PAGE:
In a separate conversation we had with a respected funder, a program officer spoke of how she sometimes has to review an organization’s website after she gets a grant application to learn more about their work. “Then if I still can’t tell exactly what they do, I’ll send followup questions.” It’s stating the obvious, but a grant application and website – separately or in combination – should clearly communicate the basics of an organization’s reason, mission, and vision. A nonprofit has enough hurdles to surmount as it is – so knowing (and articulating!) these talking points like the back of their hand shouldn’t be a hindrance. 

We spoke in our brand and messaging session about how there were more than 200 NGOs and social enterprises at the conference alone, with nearly 10 million in the world. And if you counted all the changemakers focusing on girls education, economic empowerment, training the trainer models, or community health (just to name a few crowded categories), you might nearly cover them all. So despite the altruism, competition still abounds. And collaboration – including grant matchmaking – is doubly difficult when the sea is chock full.

How do you break through the noise? Building a scalable social sector brand requires a deep look at ambition, approach, alignment, and amplification. So while it doesn’t happen overnight, you can at least start with a clear, compelling elevator pitch. Here’s a basic script we shared in our talk:

  1. What problem are you trying to solve? (REASON)

  2. What is your solution? (MISSION, UNIQUES)

  3. And what is your payoff? (VISION, PROMISES)

Offering insights to both doers and donors at the East Africa Impact Investment Summit – “Measuring and Articulating your impact: Lessons from the B Corp Community.”

Organizational health is gaining in awareness and importance.

When we started practicing and preaching org health a few years back, it was still a relatively obscure topic. Especially in the social sector. But it seems as if both doers and donors are slowly starting to realize its importance.

The topic of organizational health came up a few times during a session called Ask a Funder Anything. Grantees wanted to know what it meant to funders and what they could do about it. And we loved seeing fellow ecosystem partner Smarter Good – known mostly to be an outsourced fundraising agency – give a talk called Managing People and Teams where they flat out said, “talent is the key to impact, even more than funding or other inputs to social change.” So while we noticed there’s still not a shared definition of org health in the space, awareness is a good start.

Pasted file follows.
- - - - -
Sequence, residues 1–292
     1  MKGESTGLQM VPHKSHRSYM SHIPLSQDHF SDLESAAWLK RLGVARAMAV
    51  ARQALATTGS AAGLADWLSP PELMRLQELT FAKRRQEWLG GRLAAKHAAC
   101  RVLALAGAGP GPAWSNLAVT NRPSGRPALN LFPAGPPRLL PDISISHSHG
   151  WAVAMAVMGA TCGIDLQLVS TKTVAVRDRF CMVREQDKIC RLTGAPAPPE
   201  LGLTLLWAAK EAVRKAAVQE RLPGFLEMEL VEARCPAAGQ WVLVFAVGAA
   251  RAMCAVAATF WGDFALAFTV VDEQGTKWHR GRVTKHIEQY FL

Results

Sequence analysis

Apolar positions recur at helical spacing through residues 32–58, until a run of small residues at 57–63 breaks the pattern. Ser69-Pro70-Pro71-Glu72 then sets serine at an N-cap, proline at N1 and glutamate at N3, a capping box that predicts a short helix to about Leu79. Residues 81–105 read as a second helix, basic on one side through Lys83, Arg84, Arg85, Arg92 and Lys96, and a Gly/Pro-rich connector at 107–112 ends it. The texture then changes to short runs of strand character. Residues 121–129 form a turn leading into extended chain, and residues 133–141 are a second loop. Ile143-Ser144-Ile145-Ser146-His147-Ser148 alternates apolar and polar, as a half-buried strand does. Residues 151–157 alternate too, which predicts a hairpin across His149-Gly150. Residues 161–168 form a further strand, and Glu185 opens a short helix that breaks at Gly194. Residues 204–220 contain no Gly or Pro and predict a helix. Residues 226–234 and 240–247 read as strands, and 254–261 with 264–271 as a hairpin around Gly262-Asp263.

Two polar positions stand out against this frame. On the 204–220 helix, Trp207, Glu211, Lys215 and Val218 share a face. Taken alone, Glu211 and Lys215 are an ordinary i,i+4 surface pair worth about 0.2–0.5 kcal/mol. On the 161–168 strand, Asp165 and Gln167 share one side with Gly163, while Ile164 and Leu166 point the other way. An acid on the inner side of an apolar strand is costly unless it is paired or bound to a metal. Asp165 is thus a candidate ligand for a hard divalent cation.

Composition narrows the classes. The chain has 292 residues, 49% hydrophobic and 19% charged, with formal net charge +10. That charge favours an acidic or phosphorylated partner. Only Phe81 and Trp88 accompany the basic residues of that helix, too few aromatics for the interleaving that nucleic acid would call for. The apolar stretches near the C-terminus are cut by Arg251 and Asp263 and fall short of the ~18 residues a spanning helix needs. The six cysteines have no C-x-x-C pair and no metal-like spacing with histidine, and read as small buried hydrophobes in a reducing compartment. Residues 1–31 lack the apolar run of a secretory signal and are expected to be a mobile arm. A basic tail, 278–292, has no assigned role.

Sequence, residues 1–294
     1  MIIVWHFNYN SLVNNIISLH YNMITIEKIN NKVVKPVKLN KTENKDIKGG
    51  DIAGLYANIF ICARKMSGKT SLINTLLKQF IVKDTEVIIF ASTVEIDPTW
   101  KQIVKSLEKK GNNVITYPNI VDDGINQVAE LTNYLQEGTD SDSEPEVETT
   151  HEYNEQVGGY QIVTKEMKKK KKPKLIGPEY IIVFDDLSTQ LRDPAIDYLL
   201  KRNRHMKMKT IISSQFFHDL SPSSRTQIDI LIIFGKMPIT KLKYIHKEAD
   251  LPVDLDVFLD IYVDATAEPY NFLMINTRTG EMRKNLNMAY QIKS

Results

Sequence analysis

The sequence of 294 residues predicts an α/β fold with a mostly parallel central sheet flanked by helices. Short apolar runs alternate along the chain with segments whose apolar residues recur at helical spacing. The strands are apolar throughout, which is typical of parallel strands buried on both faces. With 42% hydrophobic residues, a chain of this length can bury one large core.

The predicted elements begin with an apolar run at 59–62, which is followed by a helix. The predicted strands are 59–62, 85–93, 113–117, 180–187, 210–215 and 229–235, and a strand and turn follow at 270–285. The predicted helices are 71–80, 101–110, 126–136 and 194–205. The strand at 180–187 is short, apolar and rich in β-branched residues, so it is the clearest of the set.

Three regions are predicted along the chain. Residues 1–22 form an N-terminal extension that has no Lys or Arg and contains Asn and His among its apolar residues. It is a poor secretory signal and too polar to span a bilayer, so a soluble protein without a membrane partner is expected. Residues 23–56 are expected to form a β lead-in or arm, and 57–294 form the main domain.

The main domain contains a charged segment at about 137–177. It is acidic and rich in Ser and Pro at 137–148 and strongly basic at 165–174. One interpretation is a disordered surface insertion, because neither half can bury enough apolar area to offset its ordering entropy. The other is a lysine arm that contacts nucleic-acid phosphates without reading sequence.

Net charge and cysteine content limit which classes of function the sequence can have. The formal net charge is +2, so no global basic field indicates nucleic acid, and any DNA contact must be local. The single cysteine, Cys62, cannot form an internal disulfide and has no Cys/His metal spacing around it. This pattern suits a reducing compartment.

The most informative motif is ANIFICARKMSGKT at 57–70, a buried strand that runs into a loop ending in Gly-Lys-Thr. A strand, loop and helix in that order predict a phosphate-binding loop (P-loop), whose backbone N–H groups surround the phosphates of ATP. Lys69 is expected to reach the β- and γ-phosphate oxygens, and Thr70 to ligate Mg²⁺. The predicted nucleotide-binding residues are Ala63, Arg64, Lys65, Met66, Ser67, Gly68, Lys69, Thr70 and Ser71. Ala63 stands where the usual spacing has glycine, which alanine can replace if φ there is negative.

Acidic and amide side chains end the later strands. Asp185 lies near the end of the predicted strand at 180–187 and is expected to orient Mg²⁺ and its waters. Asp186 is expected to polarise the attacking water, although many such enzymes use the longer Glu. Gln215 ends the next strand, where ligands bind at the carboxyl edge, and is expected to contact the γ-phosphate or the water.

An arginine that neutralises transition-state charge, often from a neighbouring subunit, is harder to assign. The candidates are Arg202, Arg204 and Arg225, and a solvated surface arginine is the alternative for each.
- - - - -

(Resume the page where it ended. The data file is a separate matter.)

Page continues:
We dug deep into the topic during the Mighty Ally session called Why Org Health Beats Innovation, Scale, and Funding, which largely mirrored our in-depth blog post from 2018. In this breakout, attendees heard from Segal grantee and our partner SHONA about how org health has become one of the three criteria they use to define a good, viable business.

And finally, in another fascinating conversation, we learned that funders like T&J Meyer Foundation actually use org health as a primary success indicator in the early years of a grant. They know that most early-stage companies won’t know or hit their impact metrics at first, so org health becomes a proxy for impact. Because if a social sector org has good leadership, the right people, and strong operations, they’ll have a much better chance of achieving the impact they seek.

I don’t believe foundations should be in the business of impact. I believe we are in the business of healthy organizations.
— Jessamyn Shams-Lau, Peery Foundation

Thanks to the Segal team for having us speak. And to the on-the-ground NGOs and social enterprises in the community for doing such important work. We’re inspired by you.

Follow more of the #Segal2019 conversation on Twitter. And see you next year.